The Baltimore Sun

Everyone vulnerable to health care woes

I am disgusted by the attacks on the Frosts ("The Education of the Frost Family," Oct. 10). Who are these blogosphere pundits to judge someone else's financial situation?

Regardless of the theoretical sale value of the Frosts' house and workshop, the fact is that those properties are mostly owned by banks.

And what do these conservatives expect the family to do?

Sell the house and warehouse - then live and work where? Where would they find housing and work space at a lower cost?

As for the idea of "getting a second job," do the critics know how many hours the Frosts work already? Have any of these critics ever cared for a disabled child?

Between my business and a full-time job, I earn more income than the Frosts do. But my family's health insurance costs more than my mortgage.

If I were to lose that coverage or suffer a medical or financial setback, I could easily be one step from bankruptcy. I suspect that is true of many families in this prosperous country.

The Frost family has had its share of trouble.

They don't need to be attacked this way by people who know nothing of their lives.

Carl Aron


Those savagely criticizing the Frost family for having access to a federal health program for their catastrophically injured children should realize that they and their families are most likely but one car crash, diagnosis of terminal cancer or unexpected job loss away from being in the same situation.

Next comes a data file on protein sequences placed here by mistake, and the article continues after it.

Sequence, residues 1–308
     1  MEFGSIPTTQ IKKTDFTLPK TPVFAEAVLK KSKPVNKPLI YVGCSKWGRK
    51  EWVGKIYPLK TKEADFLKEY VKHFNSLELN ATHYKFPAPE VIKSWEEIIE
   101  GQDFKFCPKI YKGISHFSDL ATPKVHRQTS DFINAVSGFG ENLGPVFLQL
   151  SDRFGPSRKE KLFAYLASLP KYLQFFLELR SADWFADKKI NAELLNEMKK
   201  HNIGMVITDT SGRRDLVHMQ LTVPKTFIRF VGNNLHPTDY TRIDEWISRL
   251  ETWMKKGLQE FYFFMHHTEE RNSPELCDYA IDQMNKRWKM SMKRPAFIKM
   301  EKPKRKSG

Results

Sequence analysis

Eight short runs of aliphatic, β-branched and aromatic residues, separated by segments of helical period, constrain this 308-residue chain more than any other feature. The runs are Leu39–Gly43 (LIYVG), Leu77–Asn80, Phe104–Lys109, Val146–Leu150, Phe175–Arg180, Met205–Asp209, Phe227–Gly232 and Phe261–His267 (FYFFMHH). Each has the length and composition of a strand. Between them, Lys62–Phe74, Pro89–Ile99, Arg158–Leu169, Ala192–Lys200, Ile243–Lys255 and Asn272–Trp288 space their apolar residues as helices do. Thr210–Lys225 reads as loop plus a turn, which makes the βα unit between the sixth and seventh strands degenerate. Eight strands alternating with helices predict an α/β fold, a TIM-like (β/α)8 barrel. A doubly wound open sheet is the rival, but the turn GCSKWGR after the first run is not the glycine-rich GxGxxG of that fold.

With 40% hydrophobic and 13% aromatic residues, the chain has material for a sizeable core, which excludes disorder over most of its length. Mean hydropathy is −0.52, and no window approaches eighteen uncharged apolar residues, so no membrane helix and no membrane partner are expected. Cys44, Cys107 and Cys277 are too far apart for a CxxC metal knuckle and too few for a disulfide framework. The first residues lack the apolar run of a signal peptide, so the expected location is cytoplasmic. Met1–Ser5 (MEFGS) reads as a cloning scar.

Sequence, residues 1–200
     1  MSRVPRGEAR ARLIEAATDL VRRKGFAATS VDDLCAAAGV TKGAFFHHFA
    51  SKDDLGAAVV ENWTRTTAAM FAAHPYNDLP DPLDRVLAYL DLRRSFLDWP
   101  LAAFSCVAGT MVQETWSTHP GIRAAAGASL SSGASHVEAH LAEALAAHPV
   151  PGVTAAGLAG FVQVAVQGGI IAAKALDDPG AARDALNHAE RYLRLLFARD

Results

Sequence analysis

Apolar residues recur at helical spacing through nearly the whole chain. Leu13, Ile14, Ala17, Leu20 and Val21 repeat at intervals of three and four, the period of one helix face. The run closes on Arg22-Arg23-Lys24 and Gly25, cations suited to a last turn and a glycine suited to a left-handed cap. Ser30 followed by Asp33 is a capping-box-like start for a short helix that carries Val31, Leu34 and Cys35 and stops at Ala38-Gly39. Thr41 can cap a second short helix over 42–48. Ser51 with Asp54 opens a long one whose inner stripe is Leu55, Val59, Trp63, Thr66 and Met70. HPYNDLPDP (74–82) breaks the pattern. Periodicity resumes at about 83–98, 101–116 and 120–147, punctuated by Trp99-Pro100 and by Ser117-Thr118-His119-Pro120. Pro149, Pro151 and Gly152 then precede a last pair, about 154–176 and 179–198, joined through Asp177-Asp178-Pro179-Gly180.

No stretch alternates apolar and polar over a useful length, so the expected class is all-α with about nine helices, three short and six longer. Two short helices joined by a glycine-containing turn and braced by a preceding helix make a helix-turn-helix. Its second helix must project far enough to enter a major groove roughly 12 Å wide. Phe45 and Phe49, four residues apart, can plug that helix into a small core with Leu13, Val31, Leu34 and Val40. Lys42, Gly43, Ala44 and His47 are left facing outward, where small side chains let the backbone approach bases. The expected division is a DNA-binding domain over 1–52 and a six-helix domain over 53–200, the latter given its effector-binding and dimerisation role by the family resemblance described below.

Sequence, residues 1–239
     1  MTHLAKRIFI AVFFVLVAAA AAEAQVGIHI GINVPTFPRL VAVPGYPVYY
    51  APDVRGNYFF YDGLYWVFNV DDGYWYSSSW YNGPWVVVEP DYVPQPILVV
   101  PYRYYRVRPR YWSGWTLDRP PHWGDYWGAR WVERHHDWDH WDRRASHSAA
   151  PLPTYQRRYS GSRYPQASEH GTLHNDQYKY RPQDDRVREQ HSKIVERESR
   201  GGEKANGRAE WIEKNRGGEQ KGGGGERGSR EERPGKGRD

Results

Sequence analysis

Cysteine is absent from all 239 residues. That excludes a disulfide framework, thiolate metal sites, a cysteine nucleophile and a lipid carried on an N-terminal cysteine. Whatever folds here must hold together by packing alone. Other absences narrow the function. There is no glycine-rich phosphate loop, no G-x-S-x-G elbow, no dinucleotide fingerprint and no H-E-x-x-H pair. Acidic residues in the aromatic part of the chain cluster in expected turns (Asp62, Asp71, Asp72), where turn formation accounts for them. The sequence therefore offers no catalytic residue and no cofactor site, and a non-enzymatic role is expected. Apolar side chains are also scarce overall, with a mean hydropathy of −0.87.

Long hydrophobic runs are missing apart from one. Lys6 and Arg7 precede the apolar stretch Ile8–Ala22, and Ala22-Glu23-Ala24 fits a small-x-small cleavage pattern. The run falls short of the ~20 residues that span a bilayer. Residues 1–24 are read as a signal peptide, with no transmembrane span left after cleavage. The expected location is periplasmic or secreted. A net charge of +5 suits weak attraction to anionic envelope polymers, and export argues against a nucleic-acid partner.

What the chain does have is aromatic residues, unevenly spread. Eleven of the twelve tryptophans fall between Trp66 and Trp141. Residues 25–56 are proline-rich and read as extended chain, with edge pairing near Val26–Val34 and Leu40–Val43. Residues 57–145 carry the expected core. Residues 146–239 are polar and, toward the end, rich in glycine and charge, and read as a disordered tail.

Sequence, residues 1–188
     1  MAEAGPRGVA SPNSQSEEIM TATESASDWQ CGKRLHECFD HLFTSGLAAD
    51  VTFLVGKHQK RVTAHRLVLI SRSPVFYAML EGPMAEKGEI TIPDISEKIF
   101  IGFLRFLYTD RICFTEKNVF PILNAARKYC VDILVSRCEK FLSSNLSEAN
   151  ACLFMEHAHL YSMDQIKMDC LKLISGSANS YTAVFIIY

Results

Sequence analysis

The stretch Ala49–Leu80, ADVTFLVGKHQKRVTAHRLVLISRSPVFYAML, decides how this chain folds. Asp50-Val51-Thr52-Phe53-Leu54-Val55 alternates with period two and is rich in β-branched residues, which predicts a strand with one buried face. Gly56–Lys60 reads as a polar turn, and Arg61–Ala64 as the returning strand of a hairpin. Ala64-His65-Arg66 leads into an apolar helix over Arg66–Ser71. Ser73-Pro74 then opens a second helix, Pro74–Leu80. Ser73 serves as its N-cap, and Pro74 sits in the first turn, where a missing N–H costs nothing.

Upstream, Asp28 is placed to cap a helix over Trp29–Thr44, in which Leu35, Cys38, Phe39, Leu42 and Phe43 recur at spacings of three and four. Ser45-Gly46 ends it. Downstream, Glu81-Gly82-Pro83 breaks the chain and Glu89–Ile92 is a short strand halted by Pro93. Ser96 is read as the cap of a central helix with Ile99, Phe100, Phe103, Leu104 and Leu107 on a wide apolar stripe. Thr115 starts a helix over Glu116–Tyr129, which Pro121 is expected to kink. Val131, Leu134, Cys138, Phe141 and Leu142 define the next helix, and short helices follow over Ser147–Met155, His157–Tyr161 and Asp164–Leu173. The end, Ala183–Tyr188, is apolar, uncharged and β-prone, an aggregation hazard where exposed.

Even those with the best health care insurance in the world can suddenly find themselves in financial meltdown because of unforeseen events.

This is the wealthiest country in the world.

The lack of access to health care for all is not only inexcusable but immoral.

Joan Dunn


Focus on one boy obscures real issue

The emphasis in "The Education of the Frost Family" (Oct. 10) on the controversy surrounding the eligibility of the Frost family for coverage under the federally funded State Children's Health Insurance Program is misplaced.

Graeme Frost already has gotten his benefits from the program. Nobody is suggesting that they be taken away.

It matters not whether the Frosts worked the system or their spending priorities were questionable. They did not exceed the income limits for benefits and therefore properly received them.

The issue before the country is whether to increase funding for SCHIP by $5 billion over the next five years, as President Bush has proposed, or by $35 billion, as the bill Congress passed would do.

These funding increases would expand SCHIP coverage to families even better off than the Frosts are. How much better off is the ultimate question.

At some point, far below the level of eligibility that would be funded by the $35 billion funding increase, in my view, we would begin to provide government subsidies to relatively wealthy families who can readily afford to provide for themselves but would be encouraged by the largess of the taxpayers to forgo private insurance for their children.

But it does not help resolve this matter in a rational way for the Democrats to trot out a 12-year-old irrelevant witness before Congress, or for the press to print a front-page article about an utter red herring.

Barry C. Steel


Comfortable critics should rest uneasily